It matters not who won or lost but how you played the game – it’s a commendable sentiment, and there is debate over who said it first. Some credit it to sports writer turned poet Grantland Rice, but it probably goes back a lot longer than that, maybe to Ancient Greece.
On one matter we can be confident. It wasn’t written by an Australian. The Aussies have a reputation for being friendly, generous and easygoing. That reputation is well earned, and you won’t meet nicer people. Unless, that is, you engage in any sort of competitive activity with them.
Whether it is a result of the relatively small talent pool – Australia’s population is only 25 million – or some other compulsion to prove their worth, Australians have a “win at all costs” attitude. Fans of international cricket and rugby will know that already, and Aussies play sport to win medals, not friends. But we also see that competitive streak reflected in the most popular games that are trending with casual gamers.
Call of Duty: Modern Warfare II is an instant classic
Released late last year, this latest iteration of the classic FPS title was an instant success Down Under. It provided PlayStation and Xbox fans a little respite in a market that seemed to be ready to consign console gaming to the pages of history.
This is the second iteration of the reboot, but the nineteenth Call of Duty title all told, and it shows. Like a new recipe from a master chef who has spent years in the kitchen, this game is the sum of its predecessors, with every aspect of gameplay refined and optimized. Just to add some local pride, it’s worth noting that Melbourne studio Sledgehammer Games played a key role in developing the game.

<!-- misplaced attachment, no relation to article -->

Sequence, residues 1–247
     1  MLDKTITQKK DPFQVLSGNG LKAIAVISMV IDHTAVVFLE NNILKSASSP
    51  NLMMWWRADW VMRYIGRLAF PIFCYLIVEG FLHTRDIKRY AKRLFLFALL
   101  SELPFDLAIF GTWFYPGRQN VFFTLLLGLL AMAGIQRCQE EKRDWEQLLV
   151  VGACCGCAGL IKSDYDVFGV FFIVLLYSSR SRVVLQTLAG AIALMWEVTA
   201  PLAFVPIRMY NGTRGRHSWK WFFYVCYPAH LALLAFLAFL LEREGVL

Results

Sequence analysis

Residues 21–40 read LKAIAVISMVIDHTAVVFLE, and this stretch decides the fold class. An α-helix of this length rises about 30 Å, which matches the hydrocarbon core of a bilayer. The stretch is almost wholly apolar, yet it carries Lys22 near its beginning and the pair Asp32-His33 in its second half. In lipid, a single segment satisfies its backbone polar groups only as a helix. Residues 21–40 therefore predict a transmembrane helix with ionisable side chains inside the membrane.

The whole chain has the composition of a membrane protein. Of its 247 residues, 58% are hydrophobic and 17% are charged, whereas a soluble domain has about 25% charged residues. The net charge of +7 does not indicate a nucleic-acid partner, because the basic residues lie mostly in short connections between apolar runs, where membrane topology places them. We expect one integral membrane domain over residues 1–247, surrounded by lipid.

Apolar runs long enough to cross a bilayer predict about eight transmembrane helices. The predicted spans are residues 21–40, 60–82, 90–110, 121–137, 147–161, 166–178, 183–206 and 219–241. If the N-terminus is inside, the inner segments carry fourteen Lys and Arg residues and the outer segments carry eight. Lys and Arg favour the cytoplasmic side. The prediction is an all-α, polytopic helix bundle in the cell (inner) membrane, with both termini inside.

Keno has Australians in its thrall
The first Call of Duty game was released in 2003. That’s quite some time, but our next game has a heritage that goes back even further. According to apocryphal history, Chinese Emperor Cheung Leung invented the game 3,000 years ago to raise funds for repairs to the Great Wall of China. Today, Keno is an integral part of Australian culture, and you’ll see games advertised at pubs and casinos.
Just like those original games 3,000 years ago, Keno generates income from entry fees and shares this out between prize money for winners and profits set aside for worthy causes. A little like the Lotto, players know that even if they don’t win, they are contributing to a good cause.
Of course, that doesn’t resonate with the win-at-all-costs attitude we mentioned earlier. However, when playing Keno online, via an Australian online casino platform, it tends to be more competitive as it is usually more business-like with lower margins and bigger prizes.
NBA2K is all about the competition
We mentioned Australians and sport a moment ago. Cricket, rugby, and Aussie rules football remain popular, but basketball is rapidly joining them as one of the most popular sports Down Under. Last year, viewership of the NBA in Australia went up by 35 percent, and there are now eight Australian players on the NBA rosters. It’s not always easy to get two teams together for an impromptu game of cricket or rugby, but it is easy to throw some hoops and competition is fierce regardless of numbers. NBA 2K is the gaming equivalent and sales had barely slowed on the 2023 iteration before NBA 2K24 launched at the beginning of September.